Indomethacin enhancement of spleen‐cell responsiveness to mitogen stimulation in tumorous mice

Louis M. Pelus, Helen R. Strausser

Research output: Contribution to journalArticlepeer-review

50 Scopus citations


Spleen cells removed from C57Bl/6J mice bearing a methylcholanthrene‐induced fibrosarcoma (MC‐16) demonstrate suppressed responsiveness to phytohemagglutinin (PHA) and bacterial lipopolysaccharide (LPS) induced mitogenesis as compared to non‐tumorous mice. A similar depression of PHA‐induced mitogenesis was observed with spleen cells from C3H/HeJ mice bearing syngeneic mammary adenocarcinomas (C3HBA). The administration of indomethacin, a non‐competitive irreversible prostaglandin (Pg) synthesis inhibitor, (75 or 100 μg/mouse, IP) on an alternate day basis to groups of tumor‐bearing mice of both strains, significantly enhanced immune cell responsiveness to mitogenic stimulation. The addition of indomethacin (10 μg/ml) to cultures of spleen cells from these tumor‐bearing mice, as well as to DBA/1J mice bearing the Cloudman S‐91 melanoma, enhanced spleen‐cell responsiveness to mitogen‐induced DNA synthesis by as much as 156%. Indomethacin administration in vivo or in vitro had no significant effect on mitogen‐induced DNA synthesis of spleen cells from non‐tumor‐bearing animals. It is hypothesized that tumors, or tumor‐cell antigens, increase Pg production of a population of spleen cells, and that the increased Pg content of the spleen may be important in controlling immune responsiveness in mice.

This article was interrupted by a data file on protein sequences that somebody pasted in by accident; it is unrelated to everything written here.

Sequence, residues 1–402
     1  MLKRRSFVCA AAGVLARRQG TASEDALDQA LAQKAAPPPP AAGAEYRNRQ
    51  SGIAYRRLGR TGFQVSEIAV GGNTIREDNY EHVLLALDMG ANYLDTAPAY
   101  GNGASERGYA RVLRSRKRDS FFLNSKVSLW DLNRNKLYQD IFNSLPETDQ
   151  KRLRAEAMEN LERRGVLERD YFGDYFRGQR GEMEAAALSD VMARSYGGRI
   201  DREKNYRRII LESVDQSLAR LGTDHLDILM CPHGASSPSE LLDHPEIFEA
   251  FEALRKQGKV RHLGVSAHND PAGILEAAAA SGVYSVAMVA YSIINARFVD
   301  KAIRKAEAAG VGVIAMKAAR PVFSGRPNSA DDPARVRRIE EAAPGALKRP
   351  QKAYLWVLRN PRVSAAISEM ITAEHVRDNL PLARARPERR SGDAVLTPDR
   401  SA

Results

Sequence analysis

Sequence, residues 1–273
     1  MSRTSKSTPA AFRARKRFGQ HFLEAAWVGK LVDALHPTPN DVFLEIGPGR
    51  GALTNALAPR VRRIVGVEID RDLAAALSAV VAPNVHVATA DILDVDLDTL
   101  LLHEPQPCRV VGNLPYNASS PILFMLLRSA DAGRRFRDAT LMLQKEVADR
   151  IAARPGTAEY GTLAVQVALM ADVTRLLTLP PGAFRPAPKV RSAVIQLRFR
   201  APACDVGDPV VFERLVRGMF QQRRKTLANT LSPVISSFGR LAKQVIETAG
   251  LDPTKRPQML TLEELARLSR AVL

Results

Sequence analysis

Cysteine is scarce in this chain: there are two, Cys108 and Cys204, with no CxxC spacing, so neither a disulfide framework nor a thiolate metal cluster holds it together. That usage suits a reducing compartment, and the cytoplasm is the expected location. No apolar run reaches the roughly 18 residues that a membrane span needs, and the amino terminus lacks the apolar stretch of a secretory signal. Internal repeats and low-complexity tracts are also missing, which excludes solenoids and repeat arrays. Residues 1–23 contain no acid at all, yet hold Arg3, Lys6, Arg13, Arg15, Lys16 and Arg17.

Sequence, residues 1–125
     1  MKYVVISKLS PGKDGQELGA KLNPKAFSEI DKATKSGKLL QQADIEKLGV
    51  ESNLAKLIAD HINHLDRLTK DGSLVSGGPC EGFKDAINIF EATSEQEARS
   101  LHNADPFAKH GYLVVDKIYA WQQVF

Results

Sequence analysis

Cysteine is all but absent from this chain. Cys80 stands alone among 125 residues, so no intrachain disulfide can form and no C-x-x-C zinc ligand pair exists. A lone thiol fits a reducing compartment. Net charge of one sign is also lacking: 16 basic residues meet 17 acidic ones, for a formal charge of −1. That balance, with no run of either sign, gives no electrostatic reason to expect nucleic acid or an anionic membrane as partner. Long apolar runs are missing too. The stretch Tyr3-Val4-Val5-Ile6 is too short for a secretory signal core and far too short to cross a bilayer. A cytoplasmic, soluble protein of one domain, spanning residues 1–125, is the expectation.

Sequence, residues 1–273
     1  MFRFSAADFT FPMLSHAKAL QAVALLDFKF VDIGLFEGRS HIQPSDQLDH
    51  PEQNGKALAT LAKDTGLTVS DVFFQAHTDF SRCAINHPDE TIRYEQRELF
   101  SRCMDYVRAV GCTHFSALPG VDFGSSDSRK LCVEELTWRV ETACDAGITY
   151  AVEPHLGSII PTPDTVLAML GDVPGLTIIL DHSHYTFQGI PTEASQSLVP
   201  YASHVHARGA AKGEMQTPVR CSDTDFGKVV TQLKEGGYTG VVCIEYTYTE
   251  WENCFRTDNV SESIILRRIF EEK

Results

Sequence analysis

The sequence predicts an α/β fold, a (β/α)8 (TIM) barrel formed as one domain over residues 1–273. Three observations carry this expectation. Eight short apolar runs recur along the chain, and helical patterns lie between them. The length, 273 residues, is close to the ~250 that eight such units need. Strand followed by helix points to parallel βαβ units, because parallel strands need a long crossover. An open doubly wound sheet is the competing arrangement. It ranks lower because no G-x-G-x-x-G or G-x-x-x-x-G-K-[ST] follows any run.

Original languageEnglish (US)
Pages (from-to)653-660
Number of pages8
JournalInternational Journal of Cancer
Issue number5
StatePublished - Nov 15 1976

ASJC Scopus subject areas

  • Oncology
  • Cancer Research

Fingerprint Dive into the research topics of 'Indomethacin enhancement of spleen‐cell responsiveness to mitogen stimulation in tumorous mice'. Together they form a unique fingerprint.

Cite this